Why Microsoft Killed Kin After Just Six Weeks

Pricing, Not Marketing, Is Likely Cause in This Case

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LOS ANGELES (AdAge.com) -- In what may be one of the fastest launch-to-failure paths ever taken by a major marketer, Microsoft's Kin, the company's first phone product, is being discontinued just six weeks after its May 13 launch. As first reported by Gizmodo, the phone's marketing and product development teams are being shifted to work on the launch of the Windows Phone 7.

Departed Kin: Microsoft's social media-centric phone is being discontinued.
Departed Kin: Microsoft's social media-centric phone is being discontinued.
"Microsoft has made the decision to focus on the Windows Phone 7 launch and will not ship Kin in Europe this fall as planned," a Microsoft spokesperson told Ad Age in a statement. "Additionally, we are integrating our Kin team with the Windows Phone 7 team, incorporating valuable ideas and technologies from Kin into future Windows Phone releases. We will continue to work with Verizon in the U.S. to sell current Kin phones."

What went wrong? Despite an ambitious, narrative marketing campaign that sought to associate the Verizon Wireless-supported phone with the lifestyle of young, social media-savvy consumers, it doesn't appear to be marketing that killed the Kin but just good old-fashioned pricing.

The Kin One was priced at $49.99 while the Kin Two was a full $99.99 after their respective $100 rebates, coupled with a mandatory $30 monthly service fee that many consumers resisted. MarketWatch first reported that Microsoft only sold 500 phones during Kin's first six weeks, a figure that Microsoft representatives would not confirm or deny. Even a last-minute price slash on June 24, knocking $20 off the Kin One and $50 off Kin Two, appeared to be too little too late.

Still, the ambitious launch campaign is a cautionary tale for marketers looking to use social media as a tactic. Created by Interpublic Group of Cos.' T.A.G., recently renamed agencytwofifteen, the campaign followed 24-year-old Brooklynite Rosa Salazar as she used her Kin to connect with her friends via text messages, Facebook, MySpace, Windows Live and Twitter, with her friends' updates rising to the top of her feed. The campaign used insights from more than 50,000 20-something consumers to appeal to the hipster, metropolitan crowd. But the campaign was limited by the phones' own shortcomings -- neither model had the ability to download apps, share media via Twitter, schedule events on a calendar or use GPS. A spokeswoman for agencytwofifteen had no comment, and executives for Microsoft's media agency Universal McCann did not return calls. Razorfish is the digital agency of record.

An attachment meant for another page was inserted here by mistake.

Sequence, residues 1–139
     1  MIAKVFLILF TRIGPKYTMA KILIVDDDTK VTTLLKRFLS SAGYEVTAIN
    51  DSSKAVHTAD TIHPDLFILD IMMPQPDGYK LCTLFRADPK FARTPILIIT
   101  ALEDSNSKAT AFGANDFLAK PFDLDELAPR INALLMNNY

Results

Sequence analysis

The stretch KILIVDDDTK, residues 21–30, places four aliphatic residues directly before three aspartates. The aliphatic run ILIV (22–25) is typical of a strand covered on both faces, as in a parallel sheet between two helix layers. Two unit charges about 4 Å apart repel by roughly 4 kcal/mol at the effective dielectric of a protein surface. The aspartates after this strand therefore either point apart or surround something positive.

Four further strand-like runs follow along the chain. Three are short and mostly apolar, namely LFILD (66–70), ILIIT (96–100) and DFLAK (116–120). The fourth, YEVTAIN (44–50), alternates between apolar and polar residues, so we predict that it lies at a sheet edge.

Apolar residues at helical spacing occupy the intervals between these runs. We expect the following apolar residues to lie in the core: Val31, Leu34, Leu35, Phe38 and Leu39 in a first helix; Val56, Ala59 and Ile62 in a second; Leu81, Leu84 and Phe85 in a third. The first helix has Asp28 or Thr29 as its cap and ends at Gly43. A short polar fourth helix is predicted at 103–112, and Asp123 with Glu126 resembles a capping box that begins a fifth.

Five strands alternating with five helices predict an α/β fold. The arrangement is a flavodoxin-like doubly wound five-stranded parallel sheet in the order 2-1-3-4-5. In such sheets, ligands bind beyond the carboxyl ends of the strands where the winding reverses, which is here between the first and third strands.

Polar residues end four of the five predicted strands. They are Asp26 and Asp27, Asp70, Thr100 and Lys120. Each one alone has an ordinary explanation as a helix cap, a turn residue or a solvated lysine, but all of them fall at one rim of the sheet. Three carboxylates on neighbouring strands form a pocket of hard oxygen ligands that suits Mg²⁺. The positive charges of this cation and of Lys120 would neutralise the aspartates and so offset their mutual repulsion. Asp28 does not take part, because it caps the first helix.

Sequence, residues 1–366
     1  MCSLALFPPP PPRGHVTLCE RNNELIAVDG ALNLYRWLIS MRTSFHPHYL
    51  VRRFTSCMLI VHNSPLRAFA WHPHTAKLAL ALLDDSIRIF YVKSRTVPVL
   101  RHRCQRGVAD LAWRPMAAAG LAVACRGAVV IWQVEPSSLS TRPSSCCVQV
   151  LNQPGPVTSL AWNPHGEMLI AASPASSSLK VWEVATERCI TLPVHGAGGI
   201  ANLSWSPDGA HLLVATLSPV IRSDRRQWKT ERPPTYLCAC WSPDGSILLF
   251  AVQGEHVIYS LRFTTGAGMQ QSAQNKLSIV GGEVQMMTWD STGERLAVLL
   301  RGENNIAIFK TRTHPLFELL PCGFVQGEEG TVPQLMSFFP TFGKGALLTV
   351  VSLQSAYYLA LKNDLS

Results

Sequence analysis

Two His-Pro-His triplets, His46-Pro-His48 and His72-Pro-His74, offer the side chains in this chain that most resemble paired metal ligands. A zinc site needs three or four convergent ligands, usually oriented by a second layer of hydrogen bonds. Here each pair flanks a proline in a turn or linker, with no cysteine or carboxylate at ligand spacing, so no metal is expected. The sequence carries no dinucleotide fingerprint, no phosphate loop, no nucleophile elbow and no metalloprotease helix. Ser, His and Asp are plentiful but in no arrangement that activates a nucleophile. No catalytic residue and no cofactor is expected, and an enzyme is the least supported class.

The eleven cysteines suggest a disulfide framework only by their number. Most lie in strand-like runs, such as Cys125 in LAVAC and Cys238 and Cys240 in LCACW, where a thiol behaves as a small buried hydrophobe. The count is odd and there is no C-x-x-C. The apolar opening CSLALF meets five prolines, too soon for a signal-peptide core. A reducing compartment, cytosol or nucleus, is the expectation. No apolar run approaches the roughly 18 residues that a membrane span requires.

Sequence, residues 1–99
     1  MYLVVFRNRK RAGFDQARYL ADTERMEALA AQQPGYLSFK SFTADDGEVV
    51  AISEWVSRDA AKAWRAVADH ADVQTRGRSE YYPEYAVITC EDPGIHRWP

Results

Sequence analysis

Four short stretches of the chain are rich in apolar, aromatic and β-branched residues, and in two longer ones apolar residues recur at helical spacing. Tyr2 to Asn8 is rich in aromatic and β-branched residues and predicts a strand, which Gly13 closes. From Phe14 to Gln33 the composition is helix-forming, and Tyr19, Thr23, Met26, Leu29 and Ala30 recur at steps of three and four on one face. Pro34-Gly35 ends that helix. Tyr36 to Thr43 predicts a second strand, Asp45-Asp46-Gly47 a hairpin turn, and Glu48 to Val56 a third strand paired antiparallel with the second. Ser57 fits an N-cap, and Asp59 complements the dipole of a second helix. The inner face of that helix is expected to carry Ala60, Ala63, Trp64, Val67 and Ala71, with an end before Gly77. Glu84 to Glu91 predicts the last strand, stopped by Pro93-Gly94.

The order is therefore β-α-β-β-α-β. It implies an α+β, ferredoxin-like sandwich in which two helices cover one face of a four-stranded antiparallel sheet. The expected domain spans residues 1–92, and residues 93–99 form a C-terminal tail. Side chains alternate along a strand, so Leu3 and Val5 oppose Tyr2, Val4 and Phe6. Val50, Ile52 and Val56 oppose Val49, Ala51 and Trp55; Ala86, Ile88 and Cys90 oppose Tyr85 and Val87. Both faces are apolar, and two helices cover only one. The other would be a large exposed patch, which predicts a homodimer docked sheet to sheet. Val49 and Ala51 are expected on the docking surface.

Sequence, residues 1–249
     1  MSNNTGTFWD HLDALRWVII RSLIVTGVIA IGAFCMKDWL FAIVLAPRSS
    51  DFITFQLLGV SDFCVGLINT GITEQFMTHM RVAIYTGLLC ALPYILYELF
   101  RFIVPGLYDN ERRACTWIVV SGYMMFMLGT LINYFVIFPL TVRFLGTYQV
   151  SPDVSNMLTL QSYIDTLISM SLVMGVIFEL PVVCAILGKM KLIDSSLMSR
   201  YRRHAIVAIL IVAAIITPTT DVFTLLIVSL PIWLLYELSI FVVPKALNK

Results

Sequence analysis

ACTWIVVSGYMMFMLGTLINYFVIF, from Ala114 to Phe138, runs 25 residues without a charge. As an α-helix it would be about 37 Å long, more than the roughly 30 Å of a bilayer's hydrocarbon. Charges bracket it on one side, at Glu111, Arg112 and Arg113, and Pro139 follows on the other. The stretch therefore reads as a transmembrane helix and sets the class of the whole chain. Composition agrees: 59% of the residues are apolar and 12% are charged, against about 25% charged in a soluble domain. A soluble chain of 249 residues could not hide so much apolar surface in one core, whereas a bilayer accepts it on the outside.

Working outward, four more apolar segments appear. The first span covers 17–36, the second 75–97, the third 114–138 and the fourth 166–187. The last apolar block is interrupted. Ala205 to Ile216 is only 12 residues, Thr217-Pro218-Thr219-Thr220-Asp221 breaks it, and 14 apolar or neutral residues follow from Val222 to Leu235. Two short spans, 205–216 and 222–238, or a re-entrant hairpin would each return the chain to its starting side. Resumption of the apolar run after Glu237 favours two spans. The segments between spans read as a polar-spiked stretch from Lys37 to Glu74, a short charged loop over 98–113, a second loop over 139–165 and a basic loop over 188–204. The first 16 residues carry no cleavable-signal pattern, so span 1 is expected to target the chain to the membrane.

The Kin's failure echoes Microsoft's other expensive grab for Apple's share -- the Zune, which in 2006 tried to steal a hefty portion of the iPod's overwhelming command of the MP3 market. After nearly $30 million in measured media during its first nine months, the music player only mustered a 2.2% share of the MP3 market, according to NPD.

Microsoft's Windows mobile operating system has been steadily losing share and in first quarter powered only 6.8% of smartphones sold, according to Gartner, behind Symbian, Research in Motion, Apple and Android. That's down from 10.2% for the year-earlier quarter.

Microsoft's Windows 7 phone is expected to launch in the fourth quarter of this year.

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